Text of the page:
Everything, Everything - November 2009

2019: January February March April
2018: J F M A M J J A S O N D
2017: J F M A M J J A S O N D
2016: J F M A M J J A S O N D
2015: J F M A M J J A S O N D
2014: J F M A M J J A S O N D
2013: J F M A M J J A S O N D
2012: J F M A M J J A S O N D
2011: J F M A M J J A S O N D
2010: J F M A M J J A S O N D
2009: J F M A M J J A S O N D
2008: J F M A M J J A S O N D
2007: J F M A M J J A S O N D
2006: J F M A M J J A S O N D
2005: J F M A M J J A S O N D
2004: J F M A M J J A S O N D
Help 24x7
Friday 27th November, 2009 11:36
I noticed that NatWest's online baking site has this new help box on the left hand side, which allows you to ask questions. Their example question said "How do I move money?", but I thought it might be more interesting to ask this question:

How do I launder money?

Sadly I didn't have the balls to hit the "Ask" button.
Localhost !=
Friday 20th November, 2009 15:06
At least that's what PHP 5.3.1 seems to think. I tried upgrading a system that was running PHP from 5.3.0 to 5.3.1 and several parts of several websites broke. I narrowed it down to anything that was trying to do database access, which made me investigate the extensions and libraries (which were fine). So I decided to look more closely (locally, using php-cgi from the command prompt so I could see all the errors) and I discovered that the errors were caused by PHP's inability to access the MySQL server. The MySQL server was running fine, which I already knew because PHP 5.3.0 was happy, as were other services that depend on MySQL working correctly. Here's the error message that was returned:

A connection attempt failed because the connected party did not properly respond after a period of time, or established connection failed because connected host has failed to respond.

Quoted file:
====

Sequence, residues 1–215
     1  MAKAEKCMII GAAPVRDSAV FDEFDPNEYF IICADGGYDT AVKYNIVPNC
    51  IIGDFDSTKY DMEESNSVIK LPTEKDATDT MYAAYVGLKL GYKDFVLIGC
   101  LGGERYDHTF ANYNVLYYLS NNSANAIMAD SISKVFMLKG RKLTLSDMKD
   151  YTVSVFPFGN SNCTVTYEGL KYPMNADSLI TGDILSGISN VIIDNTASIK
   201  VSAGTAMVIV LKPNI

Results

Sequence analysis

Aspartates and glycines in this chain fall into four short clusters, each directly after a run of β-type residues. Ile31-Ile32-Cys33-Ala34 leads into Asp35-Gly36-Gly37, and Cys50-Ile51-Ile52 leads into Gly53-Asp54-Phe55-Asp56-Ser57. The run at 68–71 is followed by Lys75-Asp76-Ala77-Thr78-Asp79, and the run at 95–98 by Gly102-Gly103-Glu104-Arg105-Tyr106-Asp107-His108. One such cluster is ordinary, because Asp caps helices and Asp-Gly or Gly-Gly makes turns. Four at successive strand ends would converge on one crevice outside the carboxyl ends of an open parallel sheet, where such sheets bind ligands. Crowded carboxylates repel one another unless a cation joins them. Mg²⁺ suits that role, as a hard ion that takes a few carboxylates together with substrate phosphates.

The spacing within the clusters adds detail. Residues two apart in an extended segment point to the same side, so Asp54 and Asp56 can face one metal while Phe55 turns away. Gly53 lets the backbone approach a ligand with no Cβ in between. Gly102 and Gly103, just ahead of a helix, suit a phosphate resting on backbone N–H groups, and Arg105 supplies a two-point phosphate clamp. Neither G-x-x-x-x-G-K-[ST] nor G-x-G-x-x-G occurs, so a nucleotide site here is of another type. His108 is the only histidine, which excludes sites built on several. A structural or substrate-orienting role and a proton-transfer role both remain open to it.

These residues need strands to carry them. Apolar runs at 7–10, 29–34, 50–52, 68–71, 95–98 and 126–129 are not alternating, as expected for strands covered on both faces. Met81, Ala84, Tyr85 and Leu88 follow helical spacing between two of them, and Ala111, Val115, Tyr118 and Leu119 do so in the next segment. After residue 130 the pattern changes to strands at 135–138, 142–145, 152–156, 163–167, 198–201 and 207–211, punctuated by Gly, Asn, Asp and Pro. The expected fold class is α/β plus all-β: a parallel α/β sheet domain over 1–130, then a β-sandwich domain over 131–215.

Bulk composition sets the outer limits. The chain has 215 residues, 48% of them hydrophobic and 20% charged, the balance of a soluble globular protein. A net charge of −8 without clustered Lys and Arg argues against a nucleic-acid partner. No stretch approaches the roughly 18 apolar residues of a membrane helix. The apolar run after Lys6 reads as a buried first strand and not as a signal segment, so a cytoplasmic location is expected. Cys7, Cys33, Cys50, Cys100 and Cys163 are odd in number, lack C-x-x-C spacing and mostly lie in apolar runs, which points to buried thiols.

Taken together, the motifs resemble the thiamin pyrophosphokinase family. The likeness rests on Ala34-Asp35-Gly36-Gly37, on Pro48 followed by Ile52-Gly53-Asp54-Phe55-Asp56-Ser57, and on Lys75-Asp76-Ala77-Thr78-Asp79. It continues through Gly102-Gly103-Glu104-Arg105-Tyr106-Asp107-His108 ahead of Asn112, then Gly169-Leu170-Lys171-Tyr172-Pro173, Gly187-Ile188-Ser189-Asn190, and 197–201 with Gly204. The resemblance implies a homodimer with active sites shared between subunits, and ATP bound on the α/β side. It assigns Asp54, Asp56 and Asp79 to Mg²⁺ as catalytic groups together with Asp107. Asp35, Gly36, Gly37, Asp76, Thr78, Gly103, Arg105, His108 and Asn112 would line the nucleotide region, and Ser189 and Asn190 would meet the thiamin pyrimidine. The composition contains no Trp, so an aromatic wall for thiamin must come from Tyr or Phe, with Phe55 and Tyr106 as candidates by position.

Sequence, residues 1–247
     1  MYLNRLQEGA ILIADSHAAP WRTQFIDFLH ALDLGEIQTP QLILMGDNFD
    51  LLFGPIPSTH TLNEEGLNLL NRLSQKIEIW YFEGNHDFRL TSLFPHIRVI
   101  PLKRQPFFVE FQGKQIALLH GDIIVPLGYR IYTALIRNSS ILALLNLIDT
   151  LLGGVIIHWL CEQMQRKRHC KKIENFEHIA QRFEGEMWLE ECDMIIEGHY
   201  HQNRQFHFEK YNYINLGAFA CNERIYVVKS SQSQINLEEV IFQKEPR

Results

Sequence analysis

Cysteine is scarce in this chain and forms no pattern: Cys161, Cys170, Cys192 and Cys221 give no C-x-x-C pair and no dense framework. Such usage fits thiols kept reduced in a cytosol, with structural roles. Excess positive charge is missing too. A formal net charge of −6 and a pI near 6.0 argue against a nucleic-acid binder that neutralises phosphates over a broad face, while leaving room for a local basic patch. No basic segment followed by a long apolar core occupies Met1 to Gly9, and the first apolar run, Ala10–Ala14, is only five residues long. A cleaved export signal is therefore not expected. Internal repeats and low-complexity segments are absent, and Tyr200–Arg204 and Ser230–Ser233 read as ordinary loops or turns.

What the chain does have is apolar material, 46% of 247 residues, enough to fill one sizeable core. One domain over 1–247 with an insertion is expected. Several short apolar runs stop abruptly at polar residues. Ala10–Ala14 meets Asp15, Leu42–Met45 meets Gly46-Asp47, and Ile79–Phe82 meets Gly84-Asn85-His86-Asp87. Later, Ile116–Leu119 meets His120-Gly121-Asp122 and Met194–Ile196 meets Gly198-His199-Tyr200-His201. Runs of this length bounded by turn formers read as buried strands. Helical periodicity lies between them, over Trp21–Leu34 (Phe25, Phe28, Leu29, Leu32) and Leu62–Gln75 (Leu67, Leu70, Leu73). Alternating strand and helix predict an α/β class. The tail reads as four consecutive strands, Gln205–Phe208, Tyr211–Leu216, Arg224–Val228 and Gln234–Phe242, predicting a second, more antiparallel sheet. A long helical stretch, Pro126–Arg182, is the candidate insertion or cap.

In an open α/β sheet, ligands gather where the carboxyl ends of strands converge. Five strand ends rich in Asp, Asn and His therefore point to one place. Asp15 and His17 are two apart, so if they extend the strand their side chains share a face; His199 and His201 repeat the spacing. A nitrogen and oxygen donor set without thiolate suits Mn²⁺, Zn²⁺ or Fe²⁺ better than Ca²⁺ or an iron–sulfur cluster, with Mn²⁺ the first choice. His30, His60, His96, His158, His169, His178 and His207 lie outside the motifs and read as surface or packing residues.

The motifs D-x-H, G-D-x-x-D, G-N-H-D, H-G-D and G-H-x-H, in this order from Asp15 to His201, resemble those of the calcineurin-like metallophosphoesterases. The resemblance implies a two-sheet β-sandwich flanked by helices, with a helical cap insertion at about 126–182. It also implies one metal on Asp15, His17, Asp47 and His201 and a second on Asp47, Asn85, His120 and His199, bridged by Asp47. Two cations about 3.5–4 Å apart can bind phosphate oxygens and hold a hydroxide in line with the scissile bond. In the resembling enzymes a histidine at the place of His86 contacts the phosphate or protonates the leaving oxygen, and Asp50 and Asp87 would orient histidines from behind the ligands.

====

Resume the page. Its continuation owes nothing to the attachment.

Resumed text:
How to replicate this? Simple, try the following:


$dbhost = ("localhost");
$dbname = ("dbname");
$dbuser = ("dbuser");
$dbpass = ("dbpass");

@$dbh=mysql_connect ("$dbhost", "$dbuser", "$dbpass") or die (mysql_error());


But if you change "localhost" to "" you get:

Access denied for user 'dbuser'@'localhost' (using password: YES)

If I'd used valid credentials, I wouldn't get the access denied error, but I'm not going to tell you any usernames and passwords!

So does anyone know why PHP 5.3.1 isn't able to resolve localhost as Or is this perhaps some kind of IPv6 quirk, as MySQL is only listening on an IPv4 address, but PHP 5.3.1 might be trying an IPv6 address? I can't see many references to DNS changes in the PHP changelog, except perhaps this:

Improved dns_get_record() AAAA support on windows. Always available when IPv6 is support is installed, format is now the same than on unix.

Perhaps that's the cause?
© Robert Nicholls 2002-2019
The views and opinions expressed on this site do not represent the views of my employer.